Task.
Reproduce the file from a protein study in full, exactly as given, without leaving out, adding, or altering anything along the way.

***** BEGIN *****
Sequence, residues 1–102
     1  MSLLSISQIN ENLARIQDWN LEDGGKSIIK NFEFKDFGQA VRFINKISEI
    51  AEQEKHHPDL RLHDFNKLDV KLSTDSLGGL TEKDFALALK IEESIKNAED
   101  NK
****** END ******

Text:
Sequence, residues 1–102
     1  MSLLSISQIN ENLARIQDWN LEDGGKSIIK NFEFKDFGQA VRFINKISEI
    51  AEQEKHHPDL RLHDFNKLDV KLSTDSLGGL TEKDFALALK IEESIKNAED
   101  NK